5 Things Recruiting Companies Need to Stop Doing

1. Making Candidates Apply by Email ONLY

How many emails do you get? How many do you read? I’m not one of those people who will tell you to forget about using email altogether – it’s still a useful and reliable tool for a great many things – but recruiters’ inboxes are usually pretty stuffed. I think it’s safe to say most recruiters have had a few candidates get lost or forgotten in the shuffle of email.

The beauty of having a system that somehow registers candidates with you is that data and information are then housed and organized in ways that are specific to candidates. When you have candidate pools grouped to your job requisitions, you’re more likely to disposition your candidates – which is where most recruiters and employers fall short in the candidate experience. Which brings me to…

2. Not Keeping Candidates Engaged

The most common negative experience had by candidates is that of applying and never hearing back. Don’t do this. Tell candidates if someone else got hired, tell them they should keep their eye out for other jobs, and give them feedback.

If you’re so swamped that spending that time to nurture those candidates who are good but not right for the job you’re looking to fill right now, think about setting up a referral agreement or partnership with other companies that do career coaching or resume writing. (Offering those services to candidates yourselves could also be another way to expand your business.)

Alternatively, setting up some automated marketing with interesting and helpful content or customizing job alerts for candidates can help with ongoing engagement.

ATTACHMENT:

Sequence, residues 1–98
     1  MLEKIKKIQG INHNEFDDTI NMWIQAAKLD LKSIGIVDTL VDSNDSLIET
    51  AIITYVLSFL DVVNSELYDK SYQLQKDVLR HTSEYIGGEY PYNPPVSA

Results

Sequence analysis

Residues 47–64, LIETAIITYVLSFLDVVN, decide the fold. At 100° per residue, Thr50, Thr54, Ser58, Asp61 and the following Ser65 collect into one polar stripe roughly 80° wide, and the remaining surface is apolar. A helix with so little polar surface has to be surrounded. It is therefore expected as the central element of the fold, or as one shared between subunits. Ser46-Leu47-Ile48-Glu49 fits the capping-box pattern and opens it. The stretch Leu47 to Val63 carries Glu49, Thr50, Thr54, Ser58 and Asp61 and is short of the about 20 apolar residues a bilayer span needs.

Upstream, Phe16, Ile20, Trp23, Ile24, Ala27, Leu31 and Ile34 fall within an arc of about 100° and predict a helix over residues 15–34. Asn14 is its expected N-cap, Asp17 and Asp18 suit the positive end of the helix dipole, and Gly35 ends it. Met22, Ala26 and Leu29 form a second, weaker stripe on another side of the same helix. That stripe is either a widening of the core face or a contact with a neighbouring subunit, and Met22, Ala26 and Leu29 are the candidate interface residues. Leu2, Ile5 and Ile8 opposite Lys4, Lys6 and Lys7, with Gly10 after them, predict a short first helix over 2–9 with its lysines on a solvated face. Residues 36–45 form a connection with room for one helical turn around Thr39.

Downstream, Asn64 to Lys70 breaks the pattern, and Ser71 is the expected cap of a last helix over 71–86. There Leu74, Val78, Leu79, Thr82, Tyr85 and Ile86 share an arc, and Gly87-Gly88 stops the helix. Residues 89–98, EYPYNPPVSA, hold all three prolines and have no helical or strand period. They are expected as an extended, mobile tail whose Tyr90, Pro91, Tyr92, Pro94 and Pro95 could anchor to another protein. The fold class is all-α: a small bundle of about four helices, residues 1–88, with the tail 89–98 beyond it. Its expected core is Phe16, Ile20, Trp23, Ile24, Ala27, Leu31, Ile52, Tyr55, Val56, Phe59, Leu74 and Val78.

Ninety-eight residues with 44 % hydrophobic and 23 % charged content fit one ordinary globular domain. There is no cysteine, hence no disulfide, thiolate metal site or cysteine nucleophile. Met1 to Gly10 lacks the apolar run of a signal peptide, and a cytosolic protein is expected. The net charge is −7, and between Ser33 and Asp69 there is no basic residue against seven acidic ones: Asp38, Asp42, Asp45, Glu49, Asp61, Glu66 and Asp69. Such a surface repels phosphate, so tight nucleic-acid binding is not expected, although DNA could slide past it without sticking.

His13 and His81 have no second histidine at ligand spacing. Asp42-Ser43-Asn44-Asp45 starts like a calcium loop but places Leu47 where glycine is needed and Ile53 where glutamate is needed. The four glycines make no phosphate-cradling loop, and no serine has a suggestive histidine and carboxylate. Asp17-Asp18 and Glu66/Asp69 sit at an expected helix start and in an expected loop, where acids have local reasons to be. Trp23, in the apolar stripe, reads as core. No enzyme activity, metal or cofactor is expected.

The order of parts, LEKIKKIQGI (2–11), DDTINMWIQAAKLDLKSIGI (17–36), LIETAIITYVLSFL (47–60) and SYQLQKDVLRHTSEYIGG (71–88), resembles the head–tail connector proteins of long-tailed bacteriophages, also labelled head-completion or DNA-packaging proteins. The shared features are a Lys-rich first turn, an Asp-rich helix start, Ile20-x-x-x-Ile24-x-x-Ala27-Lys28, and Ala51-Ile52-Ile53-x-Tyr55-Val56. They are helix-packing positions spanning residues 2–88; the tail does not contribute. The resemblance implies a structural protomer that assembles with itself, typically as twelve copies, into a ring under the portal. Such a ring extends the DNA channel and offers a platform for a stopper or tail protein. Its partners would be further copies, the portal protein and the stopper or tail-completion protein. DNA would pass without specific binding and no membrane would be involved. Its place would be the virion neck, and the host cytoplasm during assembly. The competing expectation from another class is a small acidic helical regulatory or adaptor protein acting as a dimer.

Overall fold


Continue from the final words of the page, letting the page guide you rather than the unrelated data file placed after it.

3. Not Using Your Candidate Database for Sourcing

“We’ll keep your resume on file” might technically be true, but how often do you go looking through those files when you’re hiring?

Candidates who weren’t quite right for one particular job aren’t going to stay frozen in time after you stop talking to them. They will continue to move on in their careers, gain new experience, new skills, and more training, but you won’t have a clue because the resume they sent you two years ago doesn’t update itself.

By keeping your candidates engaged, following up with them, or coaching them to keep you up to date on their updated resume-profile, you can reliably search the people you’ve already connected with and qualified while you continue to attract new people.

4. Not Using Job Posts for Lead Generation

How do you get customers as a recruiting company? Maybe you already have established relationships and a solid customer base, but you always need to have an eye on growth and keep building a steady sales pipeline for the future.

One tactic that recruiters and many job boards use to generate business is to start with advertising jobs for the companies they want to gain as customers. Post and promote one of the roles they are trying to fill, and come up with a shortlist of awesome candidates you’d like them to consider. A sales pitch that comes along with proof of the value of your service can take you a lot further with customers.

5. Ignoring Google for Jobs

Google for Jobs has arrived and does matter. If your jobs aren’t posted somewhere that uses the right markup, Google won’t recognize it as a job post and will assume it’s just another webpage. This means it won’t show up in Google for Jobs searches, and you won’t benefit from that source of job seeker traffic.

If your team doesn’t have the bandwidth or resources to figure it out, try partnering with a technology partner who supports Google for Jobs formatting.